Journal of Energy Markets

Pricing fast-responding electric storage assets in the presence of negative prices and price spikes: a simulation-and-regression approach

Sang Baum Kang, Mark T. Klein and Jialin Zhao

  • We propose a novel valuation model of fast-responding electric storage. 
  • Our model considers price spikes and negative prices in 5-min real-time power trading. 
  • This paper applies our proposed model to evaluate utility-scale battery technologies. 

Challenged by weather-dependent and intermittent outputs of renewables, modern electricity markets experience frequent price spikes and the occurrence of negative prices. Electric storage can smooth the imbalance between power supply and demand, and thus helps fully utilize renewables. To encourage the use of electric storage in the grids, an accurate valuation of storage technology is of great importance. In this paper, we focus on the use of fast-responding electric storage for real- time power trading and propose a novel valuation model that considers the presence of price spikes and negative prices within a simulation-and-regression framework. By calibrating our model against California ISO data, we assess the economic feasibility of four real-market battery technologies: sodium sulfur (Na-S) molten salt, zinc bromide flow, lithium iron phosphate and lithium nickel cobalt aluminum batteries. Although none of these batteries reaches breakeven of its merchant value,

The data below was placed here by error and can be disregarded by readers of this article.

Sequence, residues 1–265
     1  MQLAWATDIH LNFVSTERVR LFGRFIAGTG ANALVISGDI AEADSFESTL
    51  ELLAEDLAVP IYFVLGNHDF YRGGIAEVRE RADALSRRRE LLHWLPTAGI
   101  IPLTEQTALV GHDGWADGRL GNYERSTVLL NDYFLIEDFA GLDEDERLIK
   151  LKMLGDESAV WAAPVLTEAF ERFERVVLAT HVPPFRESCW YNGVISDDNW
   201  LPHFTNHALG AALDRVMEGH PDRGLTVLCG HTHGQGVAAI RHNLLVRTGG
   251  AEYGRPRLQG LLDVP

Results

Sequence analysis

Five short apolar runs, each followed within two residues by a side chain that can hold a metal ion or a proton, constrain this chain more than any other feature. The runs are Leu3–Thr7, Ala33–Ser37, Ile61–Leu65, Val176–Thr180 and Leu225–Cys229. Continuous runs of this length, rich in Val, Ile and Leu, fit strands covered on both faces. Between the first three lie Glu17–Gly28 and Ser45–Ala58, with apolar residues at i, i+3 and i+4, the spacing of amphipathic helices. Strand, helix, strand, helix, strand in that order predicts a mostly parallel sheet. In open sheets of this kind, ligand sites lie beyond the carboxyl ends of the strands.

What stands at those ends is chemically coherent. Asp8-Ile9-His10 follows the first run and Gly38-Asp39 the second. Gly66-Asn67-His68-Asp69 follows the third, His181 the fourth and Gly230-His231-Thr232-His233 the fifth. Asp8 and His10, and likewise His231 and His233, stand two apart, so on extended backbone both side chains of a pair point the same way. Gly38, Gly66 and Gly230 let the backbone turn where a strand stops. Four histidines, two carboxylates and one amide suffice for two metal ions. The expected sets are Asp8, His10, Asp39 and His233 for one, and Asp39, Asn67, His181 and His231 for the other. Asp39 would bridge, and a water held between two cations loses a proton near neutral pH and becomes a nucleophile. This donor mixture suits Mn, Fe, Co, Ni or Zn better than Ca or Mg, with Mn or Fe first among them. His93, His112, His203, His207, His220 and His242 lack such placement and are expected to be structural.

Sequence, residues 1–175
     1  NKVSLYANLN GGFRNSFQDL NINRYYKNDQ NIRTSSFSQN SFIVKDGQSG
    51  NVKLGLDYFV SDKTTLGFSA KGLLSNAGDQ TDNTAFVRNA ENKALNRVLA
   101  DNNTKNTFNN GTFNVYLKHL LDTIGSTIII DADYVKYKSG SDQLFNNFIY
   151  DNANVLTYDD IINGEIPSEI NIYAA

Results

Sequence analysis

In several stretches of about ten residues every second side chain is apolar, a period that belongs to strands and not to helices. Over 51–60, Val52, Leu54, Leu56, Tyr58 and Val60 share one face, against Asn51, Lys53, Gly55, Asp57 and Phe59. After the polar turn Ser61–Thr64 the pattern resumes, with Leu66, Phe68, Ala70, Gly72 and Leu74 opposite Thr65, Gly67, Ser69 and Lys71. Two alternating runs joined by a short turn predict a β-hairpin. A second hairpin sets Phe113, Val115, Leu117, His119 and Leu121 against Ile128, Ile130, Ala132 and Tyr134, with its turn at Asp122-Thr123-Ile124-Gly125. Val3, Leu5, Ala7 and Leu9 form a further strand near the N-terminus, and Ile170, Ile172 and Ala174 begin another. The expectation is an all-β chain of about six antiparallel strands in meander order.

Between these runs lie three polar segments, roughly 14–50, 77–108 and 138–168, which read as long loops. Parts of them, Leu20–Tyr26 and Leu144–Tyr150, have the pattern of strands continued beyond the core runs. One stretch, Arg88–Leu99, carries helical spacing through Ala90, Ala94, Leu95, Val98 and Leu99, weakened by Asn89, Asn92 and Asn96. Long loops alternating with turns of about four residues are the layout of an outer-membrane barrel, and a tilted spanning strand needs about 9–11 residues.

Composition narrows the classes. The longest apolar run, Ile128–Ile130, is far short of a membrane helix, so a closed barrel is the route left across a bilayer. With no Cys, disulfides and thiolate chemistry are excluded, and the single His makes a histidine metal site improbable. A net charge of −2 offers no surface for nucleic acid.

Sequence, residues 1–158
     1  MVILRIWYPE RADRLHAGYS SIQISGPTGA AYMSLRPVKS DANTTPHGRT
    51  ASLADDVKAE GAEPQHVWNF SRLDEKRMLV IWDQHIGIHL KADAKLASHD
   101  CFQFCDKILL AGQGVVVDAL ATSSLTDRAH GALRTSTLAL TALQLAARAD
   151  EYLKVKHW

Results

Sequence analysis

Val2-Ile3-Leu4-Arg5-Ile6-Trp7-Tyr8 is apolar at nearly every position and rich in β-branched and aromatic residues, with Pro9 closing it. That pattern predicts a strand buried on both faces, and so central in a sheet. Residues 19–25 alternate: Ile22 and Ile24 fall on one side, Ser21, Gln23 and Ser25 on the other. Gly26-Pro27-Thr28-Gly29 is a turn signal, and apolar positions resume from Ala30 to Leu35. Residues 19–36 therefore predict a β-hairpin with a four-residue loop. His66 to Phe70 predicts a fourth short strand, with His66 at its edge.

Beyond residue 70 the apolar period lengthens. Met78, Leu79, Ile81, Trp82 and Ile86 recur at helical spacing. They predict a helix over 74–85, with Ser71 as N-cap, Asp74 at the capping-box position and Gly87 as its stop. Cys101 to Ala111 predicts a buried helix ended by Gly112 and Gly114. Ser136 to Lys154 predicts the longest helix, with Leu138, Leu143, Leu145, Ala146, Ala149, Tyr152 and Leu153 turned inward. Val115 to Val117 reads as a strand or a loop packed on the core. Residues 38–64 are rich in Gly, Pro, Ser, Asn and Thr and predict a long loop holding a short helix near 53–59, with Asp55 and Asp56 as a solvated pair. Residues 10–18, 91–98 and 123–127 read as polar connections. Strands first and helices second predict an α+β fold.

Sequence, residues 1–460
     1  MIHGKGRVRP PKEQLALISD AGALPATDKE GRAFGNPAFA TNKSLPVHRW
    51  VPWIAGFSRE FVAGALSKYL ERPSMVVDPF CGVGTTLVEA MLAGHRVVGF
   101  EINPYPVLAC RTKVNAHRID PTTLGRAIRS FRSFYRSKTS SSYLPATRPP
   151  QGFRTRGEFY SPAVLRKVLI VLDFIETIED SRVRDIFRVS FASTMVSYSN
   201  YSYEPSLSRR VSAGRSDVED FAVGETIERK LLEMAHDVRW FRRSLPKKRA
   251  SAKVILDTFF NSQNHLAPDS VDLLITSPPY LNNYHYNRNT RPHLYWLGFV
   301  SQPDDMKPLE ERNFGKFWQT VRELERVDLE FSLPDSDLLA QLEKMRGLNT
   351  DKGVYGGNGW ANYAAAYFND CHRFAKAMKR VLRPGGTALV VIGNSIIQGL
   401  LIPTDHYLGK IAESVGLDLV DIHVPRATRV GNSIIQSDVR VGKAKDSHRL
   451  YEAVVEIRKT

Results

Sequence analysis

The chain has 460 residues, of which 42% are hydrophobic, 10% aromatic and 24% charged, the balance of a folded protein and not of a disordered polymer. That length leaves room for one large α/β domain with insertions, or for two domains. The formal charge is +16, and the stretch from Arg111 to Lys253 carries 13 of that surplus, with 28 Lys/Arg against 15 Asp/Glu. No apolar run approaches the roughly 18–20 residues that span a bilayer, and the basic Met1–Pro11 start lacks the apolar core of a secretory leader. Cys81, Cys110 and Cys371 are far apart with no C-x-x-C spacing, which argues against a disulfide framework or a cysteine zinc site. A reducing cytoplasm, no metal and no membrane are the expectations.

Na-S molten salt and zinc bromide flow require relatively fewer cost reductions. Further, we find that real-time storage optimization is more valuable than day-ahead optimization by a factor of 3.12–16.64, which suggests that fast-responding electric storage technologies are potentially valuable if their capital costs become sufficiently low in the future.

Sorry, our subscription options are not loading right now

Please try again later. Get in touch with our customer services team if this issue persists.

New to View our subscription options

You need to sign in to use this feature. If you don’t have a account, please register for a trial.

Sign in
You are currently on corporate access.

To use this feature you will need an individual account. If you have one already please sign in.

Sign in.

Alternatively you can request an individual account here